I have been a skeptic for as long as I remember. In junior high, I was the child who asked the assistant minister those difficult questions. I wasn’t trying to be a smart aleck. I was trying to get my head around those unfathomable questions, the whys of faith, trying to true up a teenager’s reality with teachings that seemed to be both the result of selective historical memory and of exaggeration, if not outright fiction. My questions never received proper answers. It came down to faith; that is acceptance of the implausible. When I asked why I should accept these things on faith alone, I was told that faith was not a matter of should, but must.
That answer, the must, seemed to me to be a reflection of the old, jealous, vindictive, and unpredictable God of the Old Testament. That did not seem to square with the teachings of the New Testament, with its stories of good Samaritans and charity toward all. The New Testament God, the God of infinite grace, would never condemn the souls of the kind and innocent but un-indoctrinated masses. This demand for Faith seemed to me to be superfluous and even coercive, a demand for alliance and support. I rejected it. I would not be coerced.
But that was not all. There was also the issue of obedience. Much as the clergy might try to convince me that their concern in this transaction was the future of my immortal soul, I could not help but believe that it was not my soul they were ultimately concerned with. Others might call it arrogance, vanity or hard-headedness, but I couldn’t seem to subrogate the moral superiority of affirmed mystics over my own perceptions, even if those demanding my allegiance were truly excellent and decent human beings.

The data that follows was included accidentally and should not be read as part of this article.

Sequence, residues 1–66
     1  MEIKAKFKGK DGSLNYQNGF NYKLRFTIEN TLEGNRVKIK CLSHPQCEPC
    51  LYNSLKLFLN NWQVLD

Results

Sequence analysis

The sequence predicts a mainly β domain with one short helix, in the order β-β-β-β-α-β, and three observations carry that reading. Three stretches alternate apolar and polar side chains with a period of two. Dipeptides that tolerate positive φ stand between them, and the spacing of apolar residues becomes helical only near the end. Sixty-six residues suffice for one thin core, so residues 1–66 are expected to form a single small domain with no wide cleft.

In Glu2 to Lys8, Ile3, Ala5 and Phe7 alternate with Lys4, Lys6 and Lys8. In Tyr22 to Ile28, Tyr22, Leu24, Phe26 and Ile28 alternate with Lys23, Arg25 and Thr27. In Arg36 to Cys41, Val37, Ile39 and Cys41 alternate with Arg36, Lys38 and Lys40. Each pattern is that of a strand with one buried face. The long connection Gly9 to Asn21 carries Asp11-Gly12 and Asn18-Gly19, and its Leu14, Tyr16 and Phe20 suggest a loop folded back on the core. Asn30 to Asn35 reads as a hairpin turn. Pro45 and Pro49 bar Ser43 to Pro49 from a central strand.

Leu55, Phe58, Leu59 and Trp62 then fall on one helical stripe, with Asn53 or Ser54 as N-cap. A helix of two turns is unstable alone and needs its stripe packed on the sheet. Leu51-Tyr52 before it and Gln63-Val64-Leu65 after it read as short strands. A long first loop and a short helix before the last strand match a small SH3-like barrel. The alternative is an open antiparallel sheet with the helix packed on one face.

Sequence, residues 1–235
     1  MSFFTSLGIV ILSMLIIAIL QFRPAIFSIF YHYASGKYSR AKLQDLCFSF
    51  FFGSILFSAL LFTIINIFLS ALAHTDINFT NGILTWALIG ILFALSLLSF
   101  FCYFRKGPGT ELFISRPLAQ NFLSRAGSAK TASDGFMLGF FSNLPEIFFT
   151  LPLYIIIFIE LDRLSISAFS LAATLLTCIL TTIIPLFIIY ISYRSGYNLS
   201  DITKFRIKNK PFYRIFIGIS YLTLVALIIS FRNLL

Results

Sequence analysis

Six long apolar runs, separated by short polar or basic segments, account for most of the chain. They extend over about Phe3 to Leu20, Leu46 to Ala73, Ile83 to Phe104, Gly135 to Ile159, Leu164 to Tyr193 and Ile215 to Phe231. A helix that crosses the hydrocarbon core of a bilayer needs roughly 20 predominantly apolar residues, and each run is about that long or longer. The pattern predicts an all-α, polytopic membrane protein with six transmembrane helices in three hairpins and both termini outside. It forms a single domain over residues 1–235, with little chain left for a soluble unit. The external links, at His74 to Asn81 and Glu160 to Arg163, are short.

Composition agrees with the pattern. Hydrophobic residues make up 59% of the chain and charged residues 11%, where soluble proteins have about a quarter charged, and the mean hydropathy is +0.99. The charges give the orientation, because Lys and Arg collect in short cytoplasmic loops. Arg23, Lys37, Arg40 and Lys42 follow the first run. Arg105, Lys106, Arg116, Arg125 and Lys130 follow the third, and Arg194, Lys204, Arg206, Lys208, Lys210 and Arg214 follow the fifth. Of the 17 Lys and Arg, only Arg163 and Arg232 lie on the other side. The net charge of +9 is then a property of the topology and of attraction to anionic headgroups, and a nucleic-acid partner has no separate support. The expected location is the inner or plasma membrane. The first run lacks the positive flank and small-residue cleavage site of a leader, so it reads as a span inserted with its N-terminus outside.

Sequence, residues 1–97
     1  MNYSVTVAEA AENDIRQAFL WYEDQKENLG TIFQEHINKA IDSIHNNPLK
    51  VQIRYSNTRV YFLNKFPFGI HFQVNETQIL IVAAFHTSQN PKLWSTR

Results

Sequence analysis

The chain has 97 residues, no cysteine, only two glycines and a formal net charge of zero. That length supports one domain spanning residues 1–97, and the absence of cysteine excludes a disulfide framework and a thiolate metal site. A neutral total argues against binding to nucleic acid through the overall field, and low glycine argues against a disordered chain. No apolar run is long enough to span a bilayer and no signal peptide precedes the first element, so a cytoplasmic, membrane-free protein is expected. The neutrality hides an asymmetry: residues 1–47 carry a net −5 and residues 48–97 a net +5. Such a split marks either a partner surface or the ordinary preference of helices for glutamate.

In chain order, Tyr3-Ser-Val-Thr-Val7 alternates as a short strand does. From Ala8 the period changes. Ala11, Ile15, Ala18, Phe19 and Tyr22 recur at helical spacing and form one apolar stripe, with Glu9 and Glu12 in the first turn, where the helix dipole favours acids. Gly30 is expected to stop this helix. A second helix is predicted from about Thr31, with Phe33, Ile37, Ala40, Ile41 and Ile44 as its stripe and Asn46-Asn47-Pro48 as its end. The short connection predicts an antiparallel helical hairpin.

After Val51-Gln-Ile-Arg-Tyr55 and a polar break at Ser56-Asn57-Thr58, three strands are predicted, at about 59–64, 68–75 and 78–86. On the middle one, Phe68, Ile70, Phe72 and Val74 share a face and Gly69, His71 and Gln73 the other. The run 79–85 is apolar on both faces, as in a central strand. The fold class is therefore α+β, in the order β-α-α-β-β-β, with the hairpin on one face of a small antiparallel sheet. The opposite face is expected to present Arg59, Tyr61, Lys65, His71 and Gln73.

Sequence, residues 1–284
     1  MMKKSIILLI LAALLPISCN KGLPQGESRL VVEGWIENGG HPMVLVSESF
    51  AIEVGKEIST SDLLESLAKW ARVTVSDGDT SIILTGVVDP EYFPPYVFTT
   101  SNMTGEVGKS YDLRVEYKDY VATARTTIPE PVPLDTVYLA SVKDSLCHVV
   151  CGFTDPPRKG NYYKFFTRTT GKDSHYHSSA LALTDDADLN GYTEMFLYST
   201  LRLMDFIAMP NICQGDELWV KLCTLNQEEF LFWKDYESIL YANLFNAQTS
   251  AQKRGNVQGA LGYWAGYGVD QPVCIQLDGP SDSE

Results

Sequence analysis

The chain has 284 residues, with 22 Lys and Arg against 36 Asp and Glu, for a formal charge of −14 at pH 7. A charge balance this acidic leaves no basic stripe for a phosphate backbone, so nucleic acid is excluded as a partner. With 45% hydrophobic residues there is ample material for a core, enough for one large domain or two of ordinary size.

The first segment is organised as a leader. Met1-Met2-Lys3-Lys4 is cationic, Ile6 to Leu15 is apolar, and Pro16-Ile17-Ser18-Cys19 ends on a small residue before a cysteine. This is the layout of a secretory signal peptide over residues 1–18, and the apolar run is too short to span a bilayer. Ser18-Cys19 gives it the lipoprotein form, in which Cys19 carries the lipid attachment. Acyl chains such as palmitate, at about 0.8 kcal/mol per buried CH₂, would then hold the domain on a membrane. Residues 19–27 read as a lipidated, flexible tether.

I decided that I could accept the wisdom and morality informed by the New Testament while remaining highly skeptical of the more implausible parts. The story of Jesus itself then became a parable of love and sacrifice; I had no need for explanation of its inconsistencies or when it strayed from reality. I could acknowledge that the Gospel accounts were selected among many similar writings; they were subject to translation and retranslation and they may well have been exaggerated. Moreover, if I accepted the idea of human frailty, my own inherent flaws, and tried to live a decent and moral life, the question of my mortal soul became irrelevant. Living a good, decent and moral life was enough. The idea of immortality was rendered irrelevant and unnecessary; Faith itself was irrelevant and unnecessary.
Am I then, a Christian? Christ’s teachings and story inform and guide my life yet I remain a skeptic, a person who believes that if Faith is something that someone must have to be a Christian, then I have failed that test. I do not reject religion, so I am not an atheist. I sympathize with William James’ inability to rationalize the existence of God, yet I am not an agnostic. And yes, I pray sometimes, for wisdom, patience, clarity and for others, while I also acknowledge that this practice may also be irrelevant and unnecessary. But somehow it helps me and I still think it is good.